And the issue isn’t performance, because academic evidence suggests emerging managers perform just as well as white-male-run investment funds.

More on the study’s findings, from Chief Investment Officer:

They found that women-owned mutual funds control just 0.9% of assets under management, while minority-owned mutual funds control just 0.3% of assets. Among real estate funds, women-owned companies control just 0.3% of assets and minority-owned firms hold 1.5% of assets.

In the hedge fund industry, firms owned by women and minorities hold less than 1% of all assets, Lerner found. In private equity, the figure is less than 5%.

“Despite the potential economic and social benefits of utilizing diverse asset managers, the industry is afflicted by a lack of diversity,” Lerner wrote in his report.

[…]

“We highlight the need for data sources with comprehensive and detailed reporting of diverse ownership and diverse management,” Lerner wrote. “This demographic information is most notably absent in the PE and real estate spaces. Creating a publicly available, non-proprietary database with this information should be a top priority for the investment community.”

 

Photo by Satya via Flickr CC License

Class Action Suits Led By Pensions Rise For 3rd Straight Year: Report

Credit: Cornerstone report
Credit: Cornerstone report

The percentage of class action lawsuits with pension funds as lead plaintiffs has risen for the third consecutive year, according to Cornerstone Research.

The report analyzed trends in class action lawsuits in 2016; a few tidbits on institutional investors:

Screen Shot 2017-03-24 at 10.18.40 AM

View the full report here.

World’s Largest Pension Posts Record-Breaking Quarter

Japan’s Government Pension Investment Fund (GPIF) — the world’s largest pension fund — posted a $92 billion gain in the 4th quarter of 2016, fund officials said on Thursday.

The gain — 8 percent — is the largest quarterly return in the history of Japanese pension investing, in terms of dollar amount.

And it comes at a good time: in 2015 and 2016, the GPIF suffered several poor quarters and it retooled its portfolio and increased exposure to equities.

From Bloomberg:

The Government Pension Investment Fund returned 8 percent, or 10.5 trillion yen ($92 billion), in the three months ended Dec. 31, increasing assets to 144.8 trillion yen, it said in Tokyo on Friday. Domestic equities added 4.6 trillion yen after the benchmark Topix index recorded its best quarterly performance since 2013, outweighing a loss on Japanese bond holdings. Foreign stocks and debt jumped as the yen fell the most against the dollar in more than two decades.

The Japanese retirement fund’s second straight quarterly gain is a welcome respite after it posted losses that wiped out all investment returns since overhauling its strategy in 2014 by buying more shares and cutting debt. GPIF, which has more than 80 percent of its stock investments in strategies that track indexes, benefits when broader equity markets are rising.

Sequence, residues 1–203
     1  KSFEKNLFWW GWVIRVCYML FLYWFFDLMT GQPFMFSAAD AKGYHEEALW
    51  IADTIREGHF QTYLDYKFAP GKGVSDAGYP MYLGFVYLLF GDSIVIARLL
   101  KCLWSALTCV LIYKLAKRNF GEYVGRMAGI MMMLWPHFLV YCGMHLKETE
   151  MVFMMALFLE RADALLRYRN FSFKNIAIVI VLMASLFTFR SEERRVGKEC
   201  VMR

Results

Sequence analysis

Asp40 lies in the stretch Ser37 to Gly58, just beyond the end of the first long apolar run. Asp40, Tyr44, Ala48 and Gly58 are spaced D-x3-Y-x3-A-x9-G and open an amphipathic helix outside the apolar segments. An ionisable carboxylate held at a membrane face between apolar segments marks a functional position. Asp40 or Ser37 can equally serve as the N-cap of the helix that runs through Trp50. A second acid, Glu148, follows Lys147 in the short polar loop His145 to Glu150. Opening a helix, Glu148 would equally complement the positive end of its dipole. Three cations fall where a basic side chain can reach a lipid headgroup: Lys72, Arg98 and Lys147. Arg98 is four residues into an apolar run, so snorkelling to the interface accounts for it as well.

[…]

The fund’s domestic bonds fell 1.1 percent for a second quarterly loss, bringing holdings to 33 percent of assets, as an index of Japanese government debt dropped 1.6 percent. Foreign bonds added 8.8 percent, accounting for 13 percent of GPIF’s investments at the end of last year.

Japanese stocks made up 24 percent of holdings, while overseas equities were 23 percent of assets. The target levels for GPIF’s portfolio are 35 percent for domestic debt, 15 percent for foreign bonds, and 25 percent each for domestic and overseas shares.

 Photo by Ville Miettinen via FLickr CC License 

Public Pensions Pushed Fees Lower, Improved Funding in 2016: Report

NCPERS 2016 Public Retirement Systems Study
NCPERS 2016 Public Retirement Systems Study

Public pension funds achieved lower investment and administrative expenses in 2016, according to an NCPERS study of 159 public funds.

The funds decreased their fees by only 4 basis points; but this trend was coupled with another year of improved funding ratios.

From the study:

Responding funds report the total cost of administering their funds and paying investment managers is 56 basis points (100 basis points equals 1 percentage point.) This is a decrease of four basis point from 2015. According to the 2016 Investment Company Fact Book, the average expenses of most equity mutual funds average 68 basis points and hybrid mutual funds average 77 basis points. This means funds with lower expenses provide a higher level of benefit to members (and produce a higher economic impact for the communities those members live in) than most mutual funds.

[…]

While the respondent pool between studies has fluctuated, the general theme is funds have reduced fees the last few years by automating processes, gaining workflow efficiencies and negotiating fee structures with investment managers.

On funding:

For the third consecutive year, responding funds experienced an increase in average funded level. The aggregated average funded level is 76.2, up from 74.1 in 2015 and 71.5 in 2014. While 1-year investment returns were not strong in 2015, almost 70 percent of responding funds have investment smoothing periods containing strong investment returns from the 2012, 2013 and 2014 fiscal years. In addition, funds continue to lower amortization periods which lowers the amount of time to fully fund the plan.

The full study can be viewed here.

Your Website Is Probably Harming Investor Relations, Says Survey

Credit: IR Halo Investor Relations Survey 2016
Credit: IR Halo Investor Relations Survey 2016

A majority of investors are not satisfied with the quality of information on hedge fund managers’ websites — and therein lies an opportunity for a competitive advantage for emerging managers, according to a recent survey of investors conducted by IR Halo.

One-hundred percent of responding investors said they use a hedge fund’s website to find information on a manager; however, few hedge funds see their websites as an investor relations tool.